Section 2 Admission for Assessment The power to detain and treat a person in hospital for up to 28 days. It is used for the assessment and treatment of people who have, or are believed to have a mental disorder. There must be an intention to assess the person for this power to be used. - Detention – The power to detain a person for up to 28 days in hospital (Although section 2 itself cannot be renewed, a person can be detained for a further period of time by the completion of a section 3 before the section 2 expires) - Treatment – The person can be given treatment for mental disorder with or without their consent (Section 63, excluding ECT) - Absconding – If the person absconds, they can be forcibly returned to hospital by any authorised member of the hospital staff or by the police - Leave of Absence - The RC may grant (Section 17) leave. - Forms – H3, A2, A3, A4, 132 rights and Scrutiny.
Section 3 Admission for Treatment This section gives the power to detain and treat a person in hospital for up to six months. The power is renewable for further periods of time if required. - Detention – The power to detain a person for up to 6 months initially. - Treatment – The person can be given treatment for mental disorder with or without their consent (Section 63/58. excluding ECT) - Absconding – If the person absconds they can be forcibly returned to hospital by any authorised member of hospital staff or by the police. - Leave of Absence – The RC may grant (Section 17) leave. - Forms – H3, A6, A7, A8, 132 Rights and Scrutiny This section has been used 324 times during the last year ( )
Section 17 (Leave of Absence) A detained patient may not leave hospital unless granted leave under Section 17 of the Act. Leave can be granted for a specific period of time such as weekend, or for a specific occasion such as a family celebration. Leave needs to be reviewed every seven days in order to consider SCT as an alternative. Rules A RC may grant leave to patients on Section 2,3,37,47 or 48. The leave may be granted with or without conditions, as considered appropriate by the RC, in the interests of the patient or for the protections of others. The RC can require the patient to be escorted by another person during their leave for the protections of the patient or others. In this case, the patient can be escorted by a member of hospital staff or another person as authorised in writing by the RC. A RC may NOT grant leave to restricted patients without the approval of the MoJ. Forms – Section 17 (Blue)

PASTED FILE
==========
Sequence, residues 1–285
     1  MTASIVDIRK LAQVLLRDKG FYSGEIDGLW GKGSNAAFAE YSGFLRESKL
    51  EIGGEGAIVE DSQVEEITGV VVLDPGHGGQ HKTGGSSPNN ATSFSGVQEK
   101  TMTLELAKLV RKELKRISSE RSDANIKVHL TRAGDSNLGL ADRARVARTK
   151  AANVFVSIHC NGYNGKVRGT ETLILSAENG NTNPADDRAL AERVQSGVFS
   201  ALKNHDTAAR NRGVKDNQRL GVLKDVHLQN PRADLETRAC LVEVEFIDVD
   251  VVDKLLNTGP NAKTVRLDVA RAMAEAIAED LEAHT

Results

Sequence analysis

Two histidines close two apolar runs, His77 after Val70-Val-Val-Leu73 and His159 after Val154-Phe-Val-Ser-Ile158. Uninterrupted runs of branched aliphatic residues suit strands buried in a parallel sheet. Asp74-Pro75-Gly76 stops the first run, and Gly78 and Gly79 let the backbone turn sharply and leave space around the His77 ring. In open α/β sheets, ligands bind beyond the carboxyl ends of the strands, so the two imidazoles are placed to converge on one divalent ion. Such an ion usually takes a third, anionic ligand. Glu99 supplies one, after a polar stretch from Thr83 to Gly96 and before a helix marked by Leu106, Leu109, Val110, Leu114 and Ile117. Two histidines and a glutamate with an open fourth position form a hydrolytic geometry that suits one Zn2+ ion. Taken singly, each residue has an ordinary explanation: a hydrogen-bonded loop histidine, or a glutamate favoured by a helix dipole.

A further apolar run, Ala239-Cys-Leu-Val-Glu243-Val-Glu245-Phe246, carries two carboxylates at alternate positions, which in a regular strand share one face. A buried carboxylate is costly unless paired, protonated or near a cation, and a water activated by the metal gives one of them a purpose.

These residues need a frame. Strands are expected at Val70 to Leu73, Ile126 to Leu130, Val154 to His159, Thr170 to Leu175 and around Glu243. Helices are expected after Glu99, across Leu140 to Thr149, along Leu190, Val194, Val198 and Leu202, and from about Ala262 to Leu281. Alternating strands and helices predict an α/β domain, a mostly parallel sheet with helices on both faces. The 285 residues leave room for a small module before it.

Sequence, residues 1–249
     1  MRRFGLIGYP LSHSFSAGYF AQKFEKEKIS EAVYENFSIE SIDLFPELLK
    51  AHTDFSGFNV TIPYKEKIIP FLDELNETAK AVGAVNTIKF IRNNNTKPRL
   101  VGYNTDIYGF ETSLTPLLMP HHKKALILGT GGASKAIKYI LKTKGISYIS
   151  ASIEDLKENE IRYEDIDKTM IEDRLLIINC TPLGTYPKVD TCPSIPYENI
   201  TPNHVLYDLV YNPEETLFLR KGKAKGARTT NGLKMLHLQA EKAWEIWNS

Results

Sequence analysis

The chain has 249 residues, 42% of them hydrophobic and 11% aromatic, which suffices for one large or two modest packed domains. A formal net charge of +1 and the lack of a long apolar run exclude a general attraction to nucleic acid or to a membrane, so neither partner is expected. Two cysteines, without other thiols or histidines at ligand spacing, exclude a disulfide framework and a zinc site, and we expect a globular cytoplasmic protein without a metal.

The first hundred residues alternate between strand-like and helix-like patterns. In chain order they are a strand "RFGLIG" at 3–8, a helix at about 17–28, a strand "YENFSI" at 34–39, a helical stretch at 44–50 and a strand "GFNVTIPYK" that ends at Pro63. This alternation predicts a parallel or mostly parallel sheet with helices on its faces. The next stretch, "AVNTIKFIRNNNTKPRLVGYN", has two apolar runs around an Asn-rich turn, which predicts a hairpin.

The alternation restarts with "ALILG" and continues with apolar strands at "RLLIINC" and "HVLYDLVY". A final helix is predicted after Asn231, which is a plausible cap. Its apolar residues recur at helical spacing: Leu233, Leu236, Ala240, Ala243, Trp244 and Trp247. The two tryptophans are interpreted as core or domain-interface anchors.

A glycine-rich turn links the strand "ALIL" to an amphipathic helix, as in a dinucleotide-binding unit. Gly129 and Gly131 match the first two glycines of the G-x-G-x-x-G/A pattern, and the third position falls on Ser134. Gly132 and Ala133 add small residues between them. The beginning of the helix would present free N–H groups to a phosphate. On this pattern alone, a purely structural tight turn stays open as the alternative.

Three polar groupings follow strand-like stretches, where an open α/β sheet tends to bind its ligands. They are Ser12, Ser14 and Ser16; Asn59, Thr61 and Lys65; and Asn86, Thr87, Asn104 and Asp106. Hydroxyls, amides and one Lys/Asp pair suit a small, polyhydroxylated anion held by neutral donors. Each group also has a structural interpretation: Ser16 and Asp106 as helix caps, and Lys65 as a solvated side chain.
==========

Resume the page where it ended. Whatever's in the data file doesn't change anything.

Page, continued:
Section 132 rights Nursing staff should take all practical steps to ensure the patient understands their legal rights and provide this information both orally and in writing. This is documented on a Section 132 Rights Monitoring Form, even if the patient does not understand. Further attempts to be made until the patient is responsive. (e.g. Elderly patients without capacity. All rights leaflets are held on inpatient wards. The MHA administrators also produce written confirmation sent directly to the patient and nearest relative (if the patient does not object) regarding rights upon detention under the MHA 1983.
Section 133/23a Section 133 – Duty of managers of hospitals to inform nearest relative of discharge from section. Section 23a – This section provides for the absolute discharge of detained patients. The discharge must be ordered, it cannot be effected by implication. In this section, the term “discharge” mean discharge from detention, not from hospital.
Section The power to give treatment with or without consent is contained in Part 4 of the Act (Consent to Treatment). Sections 56 to 64 within Part 4, details the powers available to treat people under the Act and the rules and limitations that apply to these powers. Section 63 – Provides the power to give treatment to detained patients with or without their consent in the first three months starting with the first time they are given medication. Section 58 – Comes into force after medication has been given for three months. This provides a form of protection for patients still being treated
Section 58 (Continued…) If the patient has capacity and consents to treatment, the RC must complete a Form T2 stating that the patient has understood the nature, purpose and like effects of the treatment and consented to it. If the patient refuses treatment or does not have capacity to consent to it, a second opinion appointed doctor (SOAD) must be called. They will consult a nurse who has been involved with the patient, another professional (not a nurse or doctor), the RC and the patient. Following these consultations, the SOAD can authorise the treatment if they consider it as appropriate for the treatment to be given. Form T3
Withdrawing Consent (S58) A patient may initially consent to treatment and a form T2 is signed. However, consent is a continuing process and the patient may later refuse treatment. This would invalidate the form and the treatment must stop. A SOAD should then be called in order to authorise the treatment. If needed, during the interim period, emergency treatment may be considered under Section 62. Form T2 would also become invalid if the person lost their capacity to consent to treatment or if the treatment prescribed was different to that originally written on the form. The reverse would also be true. If a person lacked capacity at the beginning of the treatment and then regained capacity during treatment, their consent must be sought.